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Contesting Democracy

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Abstract:

Democracy is almost universally accepted today as the norm of good and legitimate governance. This means that every issue we face – from international relations, to economic globalization, to how we govern each of our domestic societies, our families and our interpersonal relations, to the issues that join those of us who come together each year in the Global Ecological Integrity Group, the issues of sustaining the planet's ecological integrity and the health of its peoples – depends upon how we think about and institutionalize the ideal of democracy and the principles and purposes it entails.

This situation first became apparent in the years immediately following WWII and the founding of the United Nations. In 1946 UNESCO launched two inquiries on the “differences which separate peoples in their views of right, liberty, democracy, and similar moral and political concepts” (McKeon 1951: vi). The first of these studies was published in 1949 in the volume Human Rights: Comments and Interpretations (UNESCO 1949); the second was published in 1951 in the volume Democracy in an Age of Tensions. The latter study concluded:

“For the first time in history of the world, no doctrines are advanced as anti-democratic. The accusation of antidemocratic action or attitude is frequently directed against others, but practical politicians and political theorists agree in stressing the democratic element in the institutions they defend and the theories they advocate. This acceptance of democracy as the highest form of political or social organization is the sign of a basic agreement in the ultimate aims of modern social and political institutions.” (McKeon 1951: 522).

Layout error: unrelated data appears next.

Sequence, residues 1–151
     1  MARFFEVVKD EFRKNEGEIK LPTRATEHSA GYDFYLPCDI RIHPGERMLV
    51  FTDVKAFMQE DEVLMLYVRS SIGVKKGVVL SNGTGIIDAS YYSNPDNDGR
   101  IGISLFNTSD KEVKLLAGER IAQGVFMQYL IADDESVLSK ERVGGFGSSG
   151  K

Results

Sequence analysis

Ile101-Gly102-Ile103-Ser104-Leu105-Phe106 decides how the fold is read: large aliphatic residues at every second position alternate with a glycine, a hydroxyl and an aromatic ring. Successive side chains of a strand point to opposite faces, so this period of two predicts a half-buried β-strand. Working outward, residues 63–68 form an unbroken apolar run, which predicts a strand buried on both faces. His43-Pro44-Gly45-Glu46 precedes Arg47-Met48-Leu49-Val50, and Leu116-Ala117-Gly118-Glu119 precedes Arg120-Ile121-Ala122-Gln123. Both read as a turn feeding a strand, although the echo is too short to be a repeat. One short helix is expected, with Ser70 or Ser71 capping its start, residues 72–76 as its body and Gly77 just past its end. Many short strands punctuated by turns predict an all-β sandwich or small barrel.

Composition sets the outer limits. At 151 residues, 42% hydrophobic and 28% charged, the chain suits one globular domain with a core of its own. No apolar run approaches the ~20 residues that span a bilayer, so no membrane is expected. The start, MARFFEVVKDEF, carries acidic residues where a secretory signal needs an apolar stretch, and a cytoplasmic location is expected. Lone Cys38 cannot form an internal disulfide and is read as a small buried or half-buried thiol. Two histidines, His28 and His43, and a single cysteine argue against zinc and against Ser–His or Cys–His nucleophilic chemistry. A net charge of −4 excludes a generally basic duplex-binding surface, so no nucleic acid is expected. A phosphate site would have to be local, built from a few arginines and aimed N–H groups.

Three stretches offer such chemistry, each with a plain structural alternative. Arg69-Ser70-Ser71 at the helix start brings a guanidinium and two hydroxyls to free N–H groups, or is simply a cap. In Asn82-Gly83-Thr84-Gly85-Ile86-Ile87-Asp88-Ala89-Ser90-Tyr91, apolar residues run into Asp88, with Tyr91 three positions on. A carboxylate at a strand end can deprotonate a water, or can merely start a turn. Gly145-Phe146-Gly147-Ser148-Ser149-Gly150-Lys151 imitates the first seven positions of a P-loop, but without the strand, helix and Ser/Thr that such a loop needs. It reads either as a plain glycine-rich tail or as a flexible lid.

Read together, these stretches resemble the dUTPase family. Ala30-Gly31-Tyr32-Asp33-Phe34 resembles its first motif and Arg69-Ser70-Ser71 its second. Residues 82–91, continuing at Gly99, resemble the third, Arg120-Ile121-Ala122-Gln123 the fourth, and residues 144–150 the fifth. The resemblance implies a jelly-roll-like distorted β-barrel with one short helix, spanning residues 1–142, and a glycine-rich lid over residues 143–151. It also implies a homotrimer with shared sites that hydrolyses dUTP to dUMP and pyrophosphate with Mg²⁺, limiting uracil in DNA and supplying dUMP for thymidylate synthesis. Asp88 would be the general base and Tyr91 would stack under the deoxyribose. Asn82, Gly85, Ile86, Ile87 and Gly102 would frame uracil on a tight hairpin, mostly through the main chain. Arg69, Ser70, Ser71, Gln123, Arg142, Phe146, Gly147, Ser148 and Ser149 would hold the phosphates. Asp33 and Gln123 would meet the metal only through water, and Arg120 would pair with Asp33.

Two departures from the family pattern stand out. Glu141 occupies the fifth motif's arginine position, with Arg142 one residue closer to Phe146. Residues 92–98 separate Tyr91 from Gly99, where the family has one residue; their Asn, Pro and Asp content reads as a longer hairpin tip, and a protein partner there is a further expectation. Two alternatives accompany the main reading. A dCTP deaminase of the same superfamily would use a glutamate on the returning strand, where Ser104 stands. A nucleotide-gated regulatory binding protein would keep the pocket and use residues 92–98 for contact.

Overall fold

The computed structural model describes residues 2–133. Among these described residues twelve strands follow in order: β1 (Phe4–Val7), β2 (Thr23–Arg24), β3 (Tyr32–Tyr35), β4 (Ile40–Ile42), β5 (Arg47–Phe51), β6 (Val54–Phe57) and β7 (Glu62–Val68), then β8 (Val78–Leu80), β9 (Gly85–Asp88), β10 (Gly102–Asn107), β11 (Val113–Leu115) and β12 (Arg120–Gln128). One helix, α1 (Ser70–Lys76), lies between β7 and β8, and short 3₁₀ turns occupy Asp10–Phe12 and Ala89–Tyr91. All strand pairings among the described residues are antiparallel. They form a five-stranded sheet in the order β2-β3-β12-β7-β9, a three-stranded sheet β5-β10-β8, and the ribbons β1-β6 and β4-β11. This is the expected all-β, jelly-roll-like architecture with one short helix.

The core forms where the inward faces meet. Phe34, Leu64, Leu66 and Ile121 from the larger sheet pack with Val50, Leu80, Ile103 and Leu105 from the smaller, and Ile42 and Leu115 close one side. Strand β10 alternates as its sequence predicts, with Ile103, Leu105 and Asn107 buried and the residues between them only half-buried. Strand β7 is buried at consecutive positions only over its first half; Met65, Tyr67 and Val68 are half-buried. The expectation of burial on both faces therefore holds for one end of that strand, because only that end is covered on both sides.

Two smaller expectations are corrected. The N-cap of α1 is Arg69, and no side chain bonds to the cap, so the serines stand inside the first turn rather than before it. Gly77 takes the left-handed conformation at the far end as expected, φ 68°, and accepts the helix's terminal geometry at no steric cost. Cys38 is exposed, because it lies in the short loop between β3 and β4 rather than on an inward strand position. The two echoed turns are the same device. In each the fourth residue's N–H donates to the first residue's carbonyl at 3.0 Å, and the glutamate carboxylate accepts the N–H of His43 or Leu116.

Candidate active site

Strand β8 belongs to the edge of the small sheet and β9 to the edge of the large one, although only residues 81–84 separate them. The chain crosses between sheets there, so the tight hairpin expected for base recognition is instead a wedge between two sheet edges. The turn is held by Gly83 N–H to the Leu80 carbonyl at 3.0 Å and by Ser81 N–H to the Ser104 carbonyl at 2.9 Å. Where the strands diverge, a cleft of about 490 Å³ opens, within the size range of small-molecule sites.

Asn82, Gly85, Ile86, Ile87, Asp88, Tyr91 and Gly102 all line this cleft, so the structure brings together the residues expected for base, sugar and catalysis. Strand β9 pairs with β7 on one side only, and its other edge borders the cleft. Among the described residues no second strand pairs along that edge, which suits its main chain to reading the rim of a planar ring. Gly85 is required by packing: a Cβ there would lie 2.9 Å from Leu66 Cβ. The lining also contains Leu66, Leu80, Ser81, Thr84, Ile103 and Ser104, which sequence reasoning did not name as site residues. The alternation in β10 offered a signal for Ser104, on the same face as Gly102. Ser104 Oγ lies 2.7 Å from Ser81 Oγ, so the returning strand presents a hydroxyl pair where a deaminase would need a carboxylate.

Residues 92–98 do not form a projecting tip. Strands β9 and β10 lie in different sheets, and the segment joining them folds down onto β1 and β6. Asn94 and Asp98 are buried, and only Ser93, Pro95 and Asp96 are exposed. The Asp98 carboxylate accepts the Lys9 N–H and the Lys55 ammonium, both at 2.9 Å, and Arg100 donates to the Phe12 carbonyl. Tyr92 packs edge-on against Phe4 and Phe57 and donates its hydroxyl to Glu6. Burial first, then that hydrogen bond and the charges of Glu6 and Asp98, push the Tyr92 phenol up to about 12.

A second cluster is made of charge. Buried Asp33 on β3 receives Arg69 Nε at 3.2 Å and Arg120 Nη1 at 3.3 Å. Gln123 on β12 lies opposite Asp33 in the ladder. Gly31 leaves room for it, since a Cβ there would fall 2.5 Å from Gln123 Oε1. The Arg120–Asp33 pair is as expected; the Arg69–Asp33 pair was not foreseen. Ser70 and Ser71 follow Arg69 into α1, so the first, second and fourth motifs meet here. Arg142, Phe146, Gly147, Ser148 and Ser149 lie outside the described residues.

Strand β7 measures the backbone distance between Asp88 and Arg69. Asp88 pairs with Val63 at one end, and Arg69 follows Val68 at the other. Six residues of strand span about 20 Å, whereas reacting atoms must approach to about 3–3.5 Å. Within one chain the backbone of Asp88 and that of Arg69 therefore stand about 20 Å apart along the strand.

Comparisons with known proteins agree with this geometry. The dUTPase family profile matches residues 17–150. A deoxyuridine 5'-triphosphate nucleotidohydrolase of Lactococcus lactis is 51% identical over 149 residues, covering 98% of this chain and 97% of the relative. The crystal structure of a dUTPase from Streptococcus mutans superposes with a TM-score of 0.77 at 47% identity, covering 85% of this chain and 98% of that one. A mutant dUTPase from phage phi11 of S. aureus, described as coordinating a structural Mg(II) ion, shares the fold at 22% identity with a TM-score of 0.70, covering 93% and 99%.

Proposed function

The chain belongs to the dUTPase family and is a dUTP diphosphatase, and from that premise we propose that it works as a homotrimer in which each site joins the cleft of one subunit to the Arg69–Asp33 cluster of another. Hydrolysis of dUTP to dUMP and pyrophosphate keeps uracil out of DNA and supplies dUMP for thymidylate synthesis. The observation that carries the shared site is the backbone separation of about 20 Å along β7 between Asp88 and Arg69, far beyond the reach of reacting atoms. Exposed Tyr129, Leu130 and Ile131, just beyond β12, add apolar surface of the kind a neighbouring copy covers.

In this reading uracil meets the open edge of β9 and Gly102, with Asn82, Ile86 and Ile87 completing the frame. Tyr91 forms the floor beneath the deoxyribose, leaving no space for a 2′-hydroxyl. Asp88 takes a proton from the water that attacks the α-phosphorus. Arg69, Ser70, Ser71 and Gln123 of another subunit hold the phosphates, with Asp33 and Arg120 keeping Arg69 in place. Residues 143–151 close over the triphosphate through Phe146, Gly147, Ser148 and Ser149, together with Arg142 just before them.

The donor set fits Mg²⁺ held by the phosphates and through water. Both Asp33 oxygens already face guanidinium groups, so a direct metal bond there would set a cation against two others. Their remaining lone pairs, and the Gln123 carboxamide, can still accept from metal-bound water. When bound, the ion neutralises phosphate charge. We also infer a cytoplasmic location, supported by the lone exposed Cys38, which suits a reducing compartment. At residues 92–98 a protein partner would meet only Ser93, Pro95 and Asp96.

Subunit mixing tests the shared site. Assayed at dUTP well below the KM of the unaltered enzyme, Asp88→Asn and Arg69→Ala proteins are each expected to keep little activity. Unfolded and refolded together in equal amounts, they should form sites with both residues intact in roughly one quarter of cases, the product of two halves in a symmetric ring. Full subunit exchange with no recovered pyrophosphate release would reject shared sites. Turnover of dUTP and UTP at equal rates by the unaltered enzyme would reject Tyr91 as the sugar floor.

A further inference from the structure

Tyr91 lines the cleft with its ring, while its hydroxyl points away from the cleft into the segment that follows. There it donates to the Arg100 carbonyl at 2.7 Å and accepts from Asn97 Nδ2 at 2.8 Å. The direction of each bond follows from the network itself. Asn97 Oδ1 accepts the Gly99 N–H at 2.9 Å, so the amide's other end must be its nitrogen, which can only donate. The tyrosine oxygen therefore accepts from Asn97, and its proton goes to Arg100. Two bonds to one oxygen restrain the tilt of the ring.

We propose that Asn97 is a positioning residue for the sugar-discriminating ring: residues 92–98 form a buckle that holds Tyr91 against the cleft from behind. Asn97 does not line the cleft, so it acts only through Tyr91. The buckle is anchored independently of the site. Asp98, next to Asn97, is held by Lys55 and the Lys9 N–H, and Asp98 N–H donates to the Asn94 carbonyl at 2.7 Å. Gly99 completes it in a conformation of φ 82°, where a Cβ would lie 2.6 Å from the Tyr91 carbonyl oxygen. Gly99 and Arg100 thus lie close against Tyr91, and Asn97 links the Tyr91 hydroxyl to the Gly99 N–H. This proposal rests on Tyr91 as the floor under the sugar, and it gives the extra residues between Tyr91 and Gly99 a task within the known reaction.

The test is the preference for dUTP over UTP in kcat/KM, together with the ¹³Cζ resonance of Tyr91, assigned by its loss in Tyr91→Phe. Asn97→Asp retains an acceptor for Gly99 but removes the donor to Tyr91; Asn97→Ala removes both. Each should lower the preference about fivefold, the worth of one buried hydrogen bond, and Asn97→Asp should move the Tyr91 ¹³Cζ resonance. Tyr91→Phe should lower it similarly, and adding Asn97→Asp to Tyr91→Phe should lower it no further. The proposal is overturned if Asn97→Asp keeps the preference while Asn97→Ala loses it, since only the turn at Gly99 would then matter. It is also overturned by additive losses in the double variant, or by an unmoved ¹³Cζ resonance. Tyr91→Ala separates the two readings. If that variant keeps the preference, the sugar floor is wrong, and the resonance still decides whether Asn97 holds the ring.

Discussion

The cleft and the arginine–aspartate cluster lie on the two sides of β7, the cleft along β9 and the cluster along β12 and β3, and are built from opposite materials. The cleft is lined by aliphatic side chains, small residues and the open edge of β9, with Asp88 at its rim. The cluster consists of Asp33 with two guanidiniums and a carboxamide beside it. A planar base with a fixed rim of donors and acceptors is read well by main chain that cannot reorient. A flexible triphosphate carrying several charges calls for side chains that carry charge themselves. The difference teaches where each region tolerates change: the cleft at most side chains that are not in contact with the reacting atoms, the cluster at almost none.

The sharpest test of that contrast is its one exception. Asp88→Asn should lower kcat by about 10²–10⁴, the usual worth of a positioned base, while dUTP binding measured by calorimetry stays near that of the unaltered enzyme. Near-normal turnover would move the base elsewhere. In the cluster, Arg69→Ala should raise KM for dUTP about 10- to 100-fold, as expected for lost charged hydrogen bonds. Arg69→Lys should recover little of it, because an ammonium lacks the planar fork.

Forty years later, concluding a study of the history of democracy from 508 BC to AD 1993, the Oxford historian John Dunn confirmed this judgment:

“Why is democracy today the overwhelmingly dominant, and increasingly the well-nigh exclusive, claimant to set the standard for legitimate political authority? It takes some imaginative concentration to register quite what an extraordinary fact this really is.” (Dunn 1993: 239)

Document Type: Research Article

DOI: http://dx.doi.org/10.5848/CSP.1786.00002

Publication date: January 1, 2010

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